**Apple Inc.** (NASDAQ:** AAPL**) produced exceptional profits on January 27 for its first fiscal quarter (Q1) ending on December 27. It also showed that the company’s free cash flow (FCF) was very powerful. As FCF rises this year, AAPL stock is expected to continue rising.

Over the past two months, Apple stock has fallen 10.47% from a high of $182.01 on January 3 to $162.95 on March 9. This may not seem like much, especially in the correction the market has been experiencing lately. But AAPL stock fell further in Q4 2021 when it hit $139.20 on October 13. So in a way, it’s actually up 17% from its recent lows.

And why not? The company produced strong FCF results in the fourth quarter. Let’s look at this further.

### Apple Free Cash Flow and Outlook

The company delivered exceptional revenue and earnings growth with revenue up 11% year-over-year (YOY) and net profit up 20.4% in the fourth quarter. But more importantly, the company’s FCF was also higher.

Apple generated $44.163 billion in free cash flow, which is the result of deducting $2.803 billion in capital expenditures from $46.966 billion in operating cash flow. Apple is one of the few companies that produces a quarterly cash flow statement, which is on page 3 of the financial statements, so it’s easy to calculate.

We can tell that this is a high level by comparing it to the company’s revenue level. So if we divide FCF’s $44.16 billion by its $123.9 billion in quarterly revenue, its FCF margin was 35.6%. This is an extremely high margin. It shows how incredibly profitable the company is right now.

Also, if we project this for the next year or two, we can derive a fair value for the AAPL stock. Let’s see how it works.

### AAPL Stock Value Using FCF Analysis

For example, 40 analysts polled by Refinitiv have an average revenue forecast for 2022 of $395.79 billion. And for 2023, their estimate is $418 billion. This represents growth of 8.15% in 2022 compared to 2021 and growth of 5.6% in 2023. These are not particularly high growth rates. But the amount of FCF profit it generates from that revenue is huge.

For example, if we assume that 36% of revenue by 2023 will turn into free cash flow, that means it will generate $150 billion in FCF by 2023.

Then, assuming the market values it at a yield of 5% FCF, which is equivalent to using a multiple of 20 times FCF, Apple should have a market value of $3 trillion. It is the result of dividing $150 billion of FCF by 5% or, alternatively, multiplying $150 billion by 20.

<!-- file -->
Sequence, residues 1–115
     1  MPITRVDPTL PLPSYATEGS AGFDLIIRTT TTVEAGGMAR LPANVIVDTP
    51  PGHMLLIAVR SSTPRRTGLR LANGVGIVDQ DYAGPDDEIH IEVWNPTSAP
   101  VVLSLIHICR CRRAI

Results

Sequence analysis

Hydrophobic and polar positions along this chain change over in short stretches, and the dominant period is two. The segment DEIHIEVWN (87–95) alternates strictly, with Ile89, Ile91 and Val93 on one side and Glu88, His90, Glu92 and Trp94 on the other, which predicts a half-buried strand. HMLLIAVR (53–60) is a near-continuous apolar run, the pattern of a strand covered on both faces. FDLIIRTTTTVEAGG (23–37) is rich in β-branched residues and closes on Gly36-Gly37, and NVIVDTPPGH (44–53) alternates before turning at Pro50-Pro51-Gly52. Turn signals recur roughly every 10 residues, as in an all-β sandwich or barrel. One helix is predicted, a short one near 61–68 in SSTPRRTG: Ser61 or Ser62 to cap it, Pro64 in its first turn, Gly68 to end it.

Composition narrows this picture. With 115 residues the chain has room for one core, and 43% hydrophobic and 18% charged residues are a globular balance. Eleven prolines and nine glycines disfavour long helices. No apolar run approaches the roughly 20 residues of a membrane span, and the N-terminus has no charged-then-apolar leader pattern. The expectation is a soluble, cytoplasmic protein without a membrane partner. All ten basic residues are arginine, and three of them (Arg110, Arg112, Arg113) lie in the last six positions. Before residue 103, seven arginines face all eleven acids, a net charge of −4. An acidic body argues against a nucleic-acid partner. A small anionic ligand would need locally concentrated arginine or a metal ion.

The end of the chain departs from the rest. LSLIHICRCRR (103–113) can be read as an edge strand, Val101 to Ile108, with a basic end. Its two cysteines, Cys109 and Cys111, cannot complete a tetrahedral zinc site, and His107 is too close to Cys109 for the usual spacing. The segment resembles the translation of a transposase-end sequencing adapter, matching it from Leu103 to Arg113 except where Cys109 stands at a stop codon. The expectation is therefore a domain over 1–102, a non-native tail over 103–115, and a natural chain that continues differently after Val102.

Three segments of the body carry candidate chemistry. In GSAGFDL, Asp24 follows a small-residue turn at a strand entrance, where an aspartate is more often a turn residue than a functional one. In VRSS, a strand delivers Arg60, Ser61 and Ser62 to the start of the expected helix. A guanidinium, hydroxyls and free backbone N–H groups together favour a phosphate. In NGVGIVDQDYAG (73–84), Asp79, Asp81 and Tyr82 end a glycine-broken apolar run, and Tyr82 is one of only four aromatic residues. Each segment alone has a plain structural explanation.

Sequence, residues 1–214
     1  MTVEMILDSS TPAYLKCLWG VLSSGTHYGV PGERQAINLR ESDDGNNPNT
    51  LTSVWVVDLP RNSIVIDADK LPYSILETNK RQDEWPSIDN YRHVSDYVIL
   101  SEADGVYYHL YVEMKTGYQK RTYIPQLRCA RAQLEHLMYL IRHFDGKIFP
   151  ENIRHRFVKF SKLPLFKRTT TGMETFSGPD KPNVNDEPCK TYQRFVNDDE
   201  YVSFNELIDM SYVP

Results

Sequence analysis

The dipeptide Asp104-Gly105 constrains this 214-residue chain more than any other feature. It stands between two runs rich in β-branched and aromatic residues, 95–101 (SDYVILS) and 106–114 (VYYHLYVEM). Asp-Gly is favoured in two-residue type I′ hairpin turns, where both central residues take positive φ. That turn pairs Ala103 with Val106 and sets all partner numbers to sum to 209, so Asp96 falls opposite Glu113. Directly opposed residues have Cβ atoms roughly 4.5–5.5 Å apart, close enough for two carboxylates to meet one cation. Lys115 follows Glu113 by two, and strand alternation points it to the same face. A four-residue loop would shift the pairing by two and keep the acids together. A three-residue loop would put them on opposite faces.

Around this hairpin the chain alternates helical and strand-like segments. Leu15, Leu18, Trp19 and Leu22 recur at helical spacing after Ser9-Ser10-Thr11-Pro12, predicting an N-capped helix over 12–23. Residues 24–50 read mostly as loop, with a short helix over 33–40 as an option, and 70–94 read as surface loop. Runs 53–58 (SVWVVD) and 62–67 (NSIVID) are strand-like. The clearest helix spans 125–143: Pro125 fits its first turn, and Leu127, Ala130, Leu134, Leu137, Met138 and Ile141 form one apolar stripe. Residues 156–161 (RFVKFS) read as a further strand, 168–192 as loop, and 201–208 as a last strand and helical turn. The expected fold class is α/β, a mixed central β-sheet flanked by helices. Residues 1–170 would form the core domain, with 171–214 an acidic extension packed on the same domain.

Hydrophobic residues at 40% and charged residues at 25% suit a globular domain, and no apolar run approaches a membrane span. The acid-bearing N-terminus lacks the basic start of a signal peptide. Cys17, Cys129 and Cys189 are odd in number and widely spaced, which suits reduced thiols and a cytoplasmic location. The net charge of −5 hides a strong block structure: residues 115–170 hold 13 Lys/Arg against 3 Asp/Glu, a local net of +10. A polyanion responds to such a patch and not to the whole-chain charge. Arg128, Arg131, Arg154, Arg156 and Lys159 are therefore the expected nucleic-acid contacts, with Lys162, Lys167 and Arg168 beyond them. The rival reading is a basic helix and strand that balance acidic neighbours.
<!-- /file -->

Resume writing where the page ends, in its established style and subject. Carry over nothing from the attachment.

Therefore, given that the existing market capitalization is $2.659 billion, this leaves a 12.8% upside in the stock. But again, this assumes that its FCF yield will only be 5%.

For example, assuming a 3% FCF return, the market value will be $5 trillion (i.e. $150 billion / 0.3). This represents an 88% upside potential for AAPL stock.

### What to do with AAPL shares

Thus, AAPL stock is worth somewhere between 12.8% and 88% more than the current price, depending on the market value for its strong free cash flow. Just taking the midpoint puts it 50.4% higher.

To be completely accurate, we need to adjust for the time value of money since we used two-year earnings estimates. Assuming a 10% discount rate for each year, the present value of earnings would be 82.64% of this number. This reduces the rise to 82.64% from the rise of 50.4%, or 41.65% more.

Therefore, the stock is worth 1.4165x its March 9 price of $162.85 per share. This means that its value, using FCF analysis, is $230.82 per share.

Another way to look at it is this: if it takes two years for the stock to rise 41.65%, the average annual return will be 19% each year. As proof, take 1.1901 to the second power, and you get 1.4165.

Here is the bottom line. Apple’s free cash flow is so strong that it increases the stock’s valuation by almost 20% per year for the next two years. This despite the company’s expectations of slow sales growth.

*As of the date of publication, Mark Hake did not hold (either directly or indirectly) any position in the securities mentioned in this article. The opinions expressed in this article are those of the author, subject to InvestorPlace.com publishing guidelines.*